New Legislation is a Setback for Russian NGOs

by Polina Philippova

Recently, and in great haste, the Russian Parliament adopted a new piece of legislation with a name that would have been appropriate for cold war times: ‘On regulation of activities of the NGOs, which fulfill the functions of “foreign agents”’. Sadly, the name adequately reflects the essence of the law, which presents the biggest threat that the not-for-profit sector has faced in the last 20 years.

The law requires that all NGOs that have any foreign funding and ‘participate in political activities on the territory of the Russian Federation’ get registered in a special registry with the Ministry of Justice. ‘An NGO is recognized as one … if it participates in the organization and implementation of political activities which aim to influence decisions of state authorities, their policy, as well as in the formation of public opinion …’

These NGOs, which get voluntarily registered, will have to include this newly acquired status of a ‘foreign agent’ in all their documents, publications and PR materials. There are quite a few other responsibilities that these foreign agents have to fulfill in order to comply with the law. Among other things, they will have to submit reports on their activities quarterly (currently it is once a year) and will undergo an annual audit (now compulsory only for foundations).

The fate of those NGOs that do not register is even more exciting – their activities can be suspended by authorities for up to 6 months and their bank accounts can be frozen. An NGO is provided with the right to appeal to a court to overrule this suspension and prove that it has not been engaged in ‘political activities’ using foreign money. This task seems to be impossible, and not only because of the notorious corruption of Russian courts. The problem is that the definitions of ‘political activities’ and ‘foreign money’ are drawn so broadly that almost anything can fall under them.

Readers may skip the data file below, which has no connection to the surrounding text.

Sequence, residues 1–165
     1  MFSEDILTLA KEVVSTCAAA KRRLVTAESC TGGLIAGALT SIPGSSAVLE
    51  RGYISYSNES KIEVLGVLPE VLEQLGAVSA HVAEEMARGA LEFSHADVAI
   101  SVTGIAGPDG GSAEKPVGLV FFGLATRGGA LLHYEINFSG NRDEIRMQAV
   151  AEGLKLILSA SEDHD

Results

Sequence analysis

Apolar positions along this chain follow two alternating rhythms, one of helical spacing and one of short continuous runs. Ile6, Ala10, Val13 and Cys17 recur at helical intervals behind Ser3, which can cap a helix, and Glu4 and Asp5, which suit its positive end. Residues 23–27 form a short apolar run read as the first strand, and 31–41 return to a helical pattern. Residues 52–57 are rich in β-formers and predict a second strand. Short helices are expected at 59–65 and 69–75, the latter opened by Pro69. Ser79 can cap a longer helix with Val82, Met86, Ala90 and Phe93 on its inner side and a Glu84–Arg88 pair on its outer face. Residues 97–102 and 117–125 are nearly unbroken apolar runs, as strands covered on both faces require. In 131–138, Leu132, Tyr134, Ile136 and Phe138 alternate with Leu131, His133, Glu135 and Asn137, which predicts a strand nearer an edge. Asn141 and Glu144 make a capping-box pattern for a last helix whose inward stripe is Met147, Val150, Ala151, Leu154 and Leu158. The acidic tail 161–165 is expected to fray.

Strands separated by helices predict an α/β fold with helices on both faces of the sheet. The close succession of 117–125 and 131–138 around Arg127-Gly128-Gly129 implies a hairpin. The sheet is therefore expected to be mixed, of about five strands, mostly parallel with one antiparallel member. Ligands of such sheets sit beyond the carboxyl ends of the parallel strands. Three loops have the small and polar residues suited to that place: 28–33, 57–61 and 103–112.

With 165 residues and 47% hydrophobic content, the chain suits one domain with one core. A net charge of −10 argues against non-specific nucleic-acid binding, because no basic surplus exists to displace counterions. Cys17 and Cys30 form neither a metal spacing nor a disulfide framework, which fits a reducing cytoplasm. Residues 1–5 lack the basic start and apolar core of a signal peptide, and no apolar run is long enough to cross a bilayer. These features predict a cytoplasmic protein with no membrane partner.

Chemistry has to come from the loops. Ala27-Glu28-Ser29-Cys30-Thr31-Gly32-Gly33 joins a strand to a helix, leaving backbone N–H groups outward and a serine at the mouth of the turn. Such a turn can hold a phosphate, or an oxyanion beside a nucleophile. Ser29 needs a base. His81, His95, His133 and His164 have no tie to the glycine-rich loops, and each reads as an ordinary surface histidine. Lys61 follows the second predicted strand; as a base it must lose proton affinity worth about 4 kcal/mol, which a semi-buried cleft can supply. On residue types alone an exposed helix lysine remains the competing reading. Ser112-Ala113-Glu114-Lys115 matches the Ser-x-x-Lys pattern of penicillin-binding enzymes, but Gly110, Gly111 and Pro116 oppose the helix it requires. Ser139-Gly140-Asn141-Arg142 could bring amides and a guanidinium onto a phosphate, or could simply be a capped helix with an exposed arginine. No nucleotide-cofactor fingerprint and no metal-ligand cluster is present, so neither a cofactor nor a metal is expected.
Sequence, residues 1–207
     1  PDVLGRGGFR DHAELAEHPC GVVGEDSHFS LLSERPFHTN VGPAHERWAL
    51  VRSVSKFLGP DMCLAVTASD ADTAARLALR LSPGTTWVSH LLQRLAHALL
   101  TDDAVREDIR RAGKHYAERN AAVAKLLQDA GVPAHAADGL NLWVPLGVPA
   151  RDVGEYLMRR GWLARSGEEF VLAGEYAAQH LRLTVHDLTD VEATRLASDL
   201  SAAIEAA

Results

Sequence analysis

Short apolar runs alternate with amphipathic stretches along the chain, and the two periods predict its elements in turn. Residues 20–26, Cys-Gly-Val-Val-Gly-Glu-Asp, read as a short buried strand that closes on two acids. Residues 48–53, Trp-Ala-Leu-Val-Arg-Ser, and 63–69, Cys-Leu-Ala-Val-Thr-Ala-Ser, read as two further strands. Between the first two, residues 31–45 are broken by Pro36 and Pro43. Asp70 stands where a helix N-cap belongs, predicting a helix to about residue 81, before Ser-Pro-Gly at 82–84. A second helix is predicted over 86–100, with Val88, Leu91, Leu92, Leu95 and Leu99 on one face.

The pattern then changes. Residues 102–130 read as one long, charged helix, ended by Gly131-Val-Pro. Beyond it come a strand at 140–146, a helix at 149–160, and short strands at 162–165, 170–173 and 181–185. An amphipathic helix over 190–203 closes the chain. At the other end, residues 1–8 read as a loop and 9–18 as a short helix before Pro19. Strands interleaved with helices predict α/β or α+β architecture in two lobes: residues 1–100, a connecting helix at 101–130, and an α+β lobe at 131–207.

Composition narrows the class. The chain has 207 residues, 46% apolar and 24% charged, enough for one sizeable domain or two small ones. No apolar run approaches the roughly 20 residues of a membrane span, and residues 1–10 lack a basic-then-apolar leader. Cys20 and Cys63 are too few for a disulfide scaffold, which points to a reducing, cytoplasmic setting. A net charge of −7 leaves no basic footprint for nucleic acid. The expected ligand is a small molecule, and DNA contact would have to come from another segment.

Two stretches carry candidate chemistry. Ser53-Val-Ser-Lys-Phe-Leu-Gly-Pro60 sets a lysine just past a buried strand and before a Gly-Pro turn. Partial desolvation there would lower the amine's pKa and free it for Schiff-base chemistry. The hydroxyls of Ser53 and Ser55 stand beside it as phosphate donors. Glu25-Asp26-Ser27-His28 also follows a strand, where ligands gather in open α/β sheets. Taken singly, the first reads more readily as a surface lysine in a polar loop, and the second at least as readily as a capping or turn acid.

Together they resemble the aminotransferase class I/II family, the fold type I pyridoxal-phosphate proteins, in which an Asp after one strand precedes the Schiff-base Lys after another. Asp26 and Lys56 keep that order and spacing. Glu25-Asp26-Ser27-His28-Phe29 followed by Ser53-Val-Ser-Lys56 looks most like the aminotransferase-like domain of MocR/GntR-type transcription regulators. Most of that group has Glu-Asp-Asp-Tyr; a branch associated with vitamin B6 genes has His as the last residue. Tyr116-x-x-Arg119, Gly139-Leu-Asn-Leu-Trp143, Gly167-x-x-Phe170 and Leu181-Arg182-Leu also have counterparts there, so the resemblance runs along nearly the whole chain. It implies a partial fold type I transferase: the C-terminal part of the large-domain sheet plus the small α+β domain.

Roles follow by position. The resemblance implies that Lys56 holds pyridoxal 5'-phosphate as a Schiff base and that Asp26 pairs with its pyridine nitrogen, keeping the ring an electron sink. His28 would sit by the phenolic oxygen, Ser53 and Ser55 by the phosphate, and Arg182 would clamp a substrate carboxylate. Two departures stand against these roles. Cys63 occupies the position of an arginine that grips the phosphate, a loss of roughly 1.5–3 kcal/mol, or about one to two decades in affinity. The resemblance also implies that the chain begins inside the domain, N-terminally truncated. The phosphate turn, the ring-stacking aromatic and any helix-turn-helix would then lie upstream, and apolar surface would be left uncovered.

In fact, this is the first time that the term ‘political activities’ has been defined in Russia at all. Apparently, any attempt to influence public opinion or the decisions of authorities is a political activity. An example of such an activity was presented in between the first and the final hearings of this piece of legislation, when a great number of public organizations – many of which have some foreign grants – publicly expressed their strong concern that this law would damage the not-for-profit sector in Russia, and that it contradicts the Russian constitution. Obviously, they were trying to influence both the decision-making process and public opinion at the same time! If the law had been adopted by then, they all would have been fined, shut down or obliged to wear the label of a foreign agent for all honest people to know that they operate in the interests of some alien and presumably hostile states.

In fairness there were some changes introduced into the draft in between two readings. Religious, municipal and charitable organizations have been excluded, as have NGOs that work in the fields of culture, healthcare and some other innocent topics. However, education is not in this list and I do not think this is an accidental omission.